Brocade stacks up on file storage market

Clearly not satisfied with its dominance in the block storage networking market, the vendor is slowly but surely, carving a space in the file storage domain.

Storage area networking (SAN) vendor Brocade Communications Systems is gunning to expand its total addressable market (TAM) with a new business unit devoted to delivering file services technology.

Rahul Mehta, vice president and CTO of Brocade's Tapestry File Services unit, told ZDNet Asia in an interview that by going into the file data management business, Brocade's TAM has effectively ballooned to US$5.4 billion, compared to the US$1.8 billion SAN market it mainly played in previously. TAM refers to a company's total number of potential customers within the markets it targets.

According to the Dell'Oro Group, Brocade held 56 percent of the total fiber channel switching product market in the first quarter of this year. The other players in this domain include Cisco Systems and McData, which Brocade plans to acquire.

The company acquired file services know-how in March this year, when it purchased NuView, a Houston-based based provider of software tools for enterprise file data management. Prior to the acquisition, Mehta was president and CEO of NuView.

In the area of storage networking, data is stored either in files or blocks. Typically, data such as those created by Windows Exchange e-mail servers and Oracle databases, are stored in blocks while file data is more unstructured, such as those generated by CAD/CAM (computer-aided design/computer-aided manufacturing) companies. In addition, block data is stored in SANs, while file data is stored in network-attached storage (NAS) devices.

The flagship product in Brocade's Tapestry File Services portfolio is StorageX, a NAS virtualization software product targeted at enterprises with large, heterogeneous file server and NAS infrastructures. According to Mehta, the StorageX technology lets administrators add, consolidate, migrate and automate the failover of heterogeneous servers and NAS appliances in geographically distributed environments, without impacting end-user access to data.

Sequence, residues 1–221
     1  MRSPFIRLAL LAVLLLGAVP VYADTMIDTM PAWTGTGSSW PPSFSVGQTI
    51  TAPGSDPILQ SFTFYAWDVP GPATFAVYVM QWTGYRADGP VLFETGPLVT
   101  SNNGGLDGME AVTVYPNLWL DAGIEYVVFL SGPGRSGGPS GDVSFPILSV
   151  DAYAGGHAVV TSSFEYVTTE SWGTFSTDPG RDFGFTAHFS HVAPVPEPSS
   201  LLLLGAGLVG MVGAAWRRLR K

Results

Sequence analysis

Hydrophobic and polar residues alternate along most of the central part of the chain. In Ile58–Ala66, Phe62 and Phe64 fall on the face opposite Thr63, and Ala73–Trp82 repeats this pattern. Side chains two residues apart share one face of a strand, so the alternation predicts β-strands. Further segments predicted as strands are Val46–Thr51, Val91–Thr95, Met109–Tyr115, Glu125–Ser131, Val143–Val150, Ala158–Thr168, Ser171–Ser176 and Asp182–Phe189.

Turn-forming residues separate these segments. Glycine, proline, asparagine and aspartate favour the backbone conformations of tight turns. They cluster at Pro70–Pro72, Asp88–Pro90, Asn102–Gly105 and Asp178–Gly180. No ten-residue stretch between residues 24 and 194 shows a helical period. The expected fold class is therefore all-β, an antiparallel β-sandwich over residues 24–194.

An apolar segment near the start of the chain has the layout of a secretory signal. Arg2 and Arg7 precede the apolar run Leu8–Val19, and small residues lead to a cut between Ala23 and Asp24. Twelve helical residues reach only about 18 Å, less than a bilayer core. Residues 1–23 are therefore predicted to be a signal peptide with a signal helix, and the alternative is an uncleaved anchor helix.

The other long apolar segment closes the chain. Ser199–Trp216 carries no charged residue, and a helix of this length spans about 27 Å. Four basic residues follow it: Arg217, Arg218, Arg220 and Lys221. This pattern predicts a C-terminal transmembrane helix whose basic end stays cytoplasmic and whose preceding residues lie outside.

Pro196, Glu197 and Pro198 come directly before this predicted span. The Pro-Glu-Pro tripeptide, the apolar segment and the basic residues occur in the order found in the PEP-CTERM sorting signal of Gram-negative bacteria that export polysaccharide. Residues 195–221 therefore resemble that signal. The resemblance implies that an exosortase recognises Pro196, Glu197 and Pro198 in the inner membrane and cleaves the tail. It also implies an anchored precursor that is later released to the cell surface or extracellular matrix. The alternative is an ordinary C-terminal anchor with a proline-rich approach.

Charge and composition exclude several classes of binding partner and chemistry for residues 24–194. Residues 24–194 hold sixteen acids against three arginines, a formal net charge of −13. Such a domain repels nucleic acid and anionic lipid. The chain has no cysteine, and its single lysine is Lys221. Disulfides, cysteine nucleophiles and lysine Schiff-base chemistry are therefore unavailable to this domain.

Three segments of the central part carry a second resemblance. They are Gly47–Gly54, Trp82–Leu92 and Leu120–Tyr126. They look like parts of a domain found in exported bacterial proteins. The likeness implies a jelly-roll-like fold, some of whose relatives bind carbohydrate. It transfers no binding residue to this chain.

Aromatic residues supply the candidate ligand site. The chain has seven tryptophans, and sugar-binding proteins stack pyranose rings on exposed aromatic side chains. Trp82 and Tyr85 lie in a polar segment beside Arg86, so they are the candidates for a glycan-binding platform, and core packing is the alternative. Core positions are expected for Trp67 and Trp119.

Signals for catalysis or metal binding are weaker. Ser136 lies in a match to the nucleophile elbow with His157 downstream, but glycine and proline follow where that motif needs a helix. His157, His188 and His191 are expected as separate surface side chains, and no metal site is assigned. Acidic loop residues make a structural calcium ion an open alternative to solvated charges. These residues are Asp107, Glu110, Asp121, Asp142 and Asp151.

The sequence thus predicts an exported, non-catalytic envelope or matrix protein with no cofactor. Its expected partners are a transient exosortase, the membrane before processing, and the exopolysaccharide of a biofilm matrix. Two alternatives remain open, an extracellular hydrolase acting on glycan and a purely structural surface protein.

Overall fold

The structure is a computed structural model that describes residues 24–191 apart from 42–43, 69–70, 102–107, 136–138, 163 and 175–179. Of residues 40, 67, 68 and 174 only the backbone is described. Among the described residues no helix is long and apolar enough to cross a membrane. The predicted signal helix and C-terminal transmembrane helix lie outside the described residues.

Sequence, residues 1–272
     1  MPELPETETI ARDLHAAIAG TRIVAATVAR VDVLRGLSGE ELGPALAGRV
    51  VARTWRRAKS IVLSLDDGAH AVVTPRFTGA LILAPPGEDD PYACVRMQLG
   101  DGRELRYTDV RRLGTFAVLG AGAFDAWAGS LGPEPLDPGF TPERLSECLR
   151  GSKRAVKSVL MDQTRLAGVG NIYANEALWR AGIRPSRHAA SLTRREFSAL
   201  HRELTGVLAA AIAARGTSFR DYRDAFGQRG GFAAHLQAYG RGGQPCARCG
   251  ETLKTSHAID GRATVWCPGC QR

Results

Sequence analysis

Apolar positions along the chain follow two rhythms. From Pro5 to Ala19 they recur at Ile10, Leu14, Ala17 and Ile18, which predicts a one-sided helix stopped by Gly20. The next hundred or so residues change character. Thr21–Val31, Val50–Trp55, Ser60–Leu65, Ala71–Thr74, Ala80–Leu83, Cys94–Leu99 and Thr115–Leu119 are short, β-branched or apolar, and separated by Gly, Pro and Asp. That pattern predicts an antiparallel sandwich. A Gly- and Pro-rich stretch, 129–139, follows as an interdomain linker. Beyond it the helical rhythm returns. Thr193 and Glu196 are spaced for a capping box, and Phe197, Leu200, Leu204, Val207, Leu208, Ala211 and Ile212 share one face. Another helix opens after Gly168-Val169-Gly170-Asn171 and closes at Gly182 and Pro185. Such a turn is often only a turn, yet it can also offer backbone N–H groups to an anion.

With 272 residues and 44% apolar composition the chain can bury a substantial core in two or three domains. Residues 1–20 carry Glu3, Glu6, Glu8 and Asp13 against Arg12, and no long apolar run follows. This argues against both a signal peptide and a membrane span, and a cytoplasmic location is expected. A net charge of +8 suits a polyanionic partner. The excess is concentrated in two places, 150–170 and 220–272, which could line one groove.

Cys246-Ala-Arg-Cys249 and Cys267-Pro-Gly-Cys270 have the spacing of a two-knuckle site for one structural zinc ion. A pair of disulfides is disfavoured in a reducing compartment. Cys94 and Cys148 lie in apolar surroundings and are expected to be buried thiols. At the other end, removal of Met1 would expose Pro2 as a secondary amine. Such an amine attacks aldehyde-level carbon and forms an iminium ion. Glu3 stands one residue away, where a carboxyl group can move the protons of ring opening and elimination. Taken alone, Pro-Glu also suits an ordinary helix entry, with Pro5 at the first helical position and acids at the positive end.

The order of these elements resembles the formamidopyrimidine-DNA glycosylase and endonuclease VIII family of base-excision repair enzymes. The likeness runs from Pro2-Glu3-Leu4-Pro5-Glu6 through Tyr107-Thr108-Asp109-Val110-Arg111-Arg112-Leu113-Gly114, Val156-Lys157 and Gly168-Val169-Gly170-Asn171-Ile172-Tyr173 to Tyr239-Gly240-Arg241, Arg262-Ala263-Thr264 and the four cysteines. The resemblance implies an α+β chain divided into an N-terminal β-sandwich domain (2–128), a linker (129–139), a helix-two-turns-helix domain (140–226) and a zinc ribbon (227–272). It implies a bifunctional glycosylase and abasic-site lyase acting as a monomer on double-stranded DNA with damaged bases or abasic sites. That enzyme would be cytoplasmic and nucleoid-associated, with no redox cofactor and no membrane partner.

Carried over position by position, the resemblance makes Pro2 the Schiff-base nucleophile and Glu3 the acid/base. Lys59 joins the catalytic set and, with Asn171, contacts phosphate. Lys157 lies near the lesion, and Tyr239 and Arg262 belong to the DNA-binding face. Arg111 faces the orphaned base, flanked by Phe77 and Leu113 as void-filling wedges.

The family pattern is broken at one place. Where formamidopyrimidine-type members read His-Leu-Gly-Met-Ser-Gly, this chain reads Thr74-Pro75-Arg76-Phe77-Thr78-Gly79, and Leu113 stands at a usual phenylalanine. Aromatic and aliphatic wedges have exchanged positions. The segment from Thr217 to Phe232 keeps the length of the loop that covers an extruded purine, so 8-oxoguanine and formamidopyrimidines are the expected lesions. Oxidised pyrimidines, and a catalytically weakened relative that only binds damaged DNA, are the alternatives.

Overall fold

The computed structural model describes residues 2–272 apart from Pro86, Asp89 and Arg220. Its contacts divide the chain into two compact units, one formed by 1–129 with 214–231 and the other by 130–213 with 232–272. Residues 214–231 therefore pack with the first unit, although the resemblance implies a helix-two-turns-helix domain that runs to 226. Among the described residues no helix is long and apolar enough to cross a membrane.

At the heart of StorageX is the Tapestry StorageX Global Namespace, which virtualizes file data stored throughout an enterprise by pooling multiple file systems into a single, logical file system. In other words, it does for file storage what DNS (Domain Name Server) does for networking: enabling users to access distributed files without needing to know where the data is located--just as they access Web sites without knowing the IP addresses.

According to company executives, StorageX will complement the Brocade Tapestry Wide Area File Services (WAFS) product.

Mehta said that when he founded NuView in 2002, NAS virtualization "was really new".

"When I coined the term 'global namespace', people didn't really understand it," he said. Today, Brocade has 450 enterprise customers using the technology, said Mehta. "Now I don't have to explain the technology [as much] as I had to in 2002," he added.

Meanwhile, Gerald Penaflor, regional director of Brocade South Asia-Pacific and Korea, said the company is dedicating much of its resources to develop its new file services business.

Besides getting channel partners up to speed on the new products, Brocade has recruited professional services and engineering staff focused on delivering the technology, Penaflor said.

From Mehta's point of view, Brocade has every reason to shore up its efforts on providing file data management technology. "The potential of this product is [at least] 10,000 [customers]. We only have 400 [plus customers]," he said. "We still have a long way to go."

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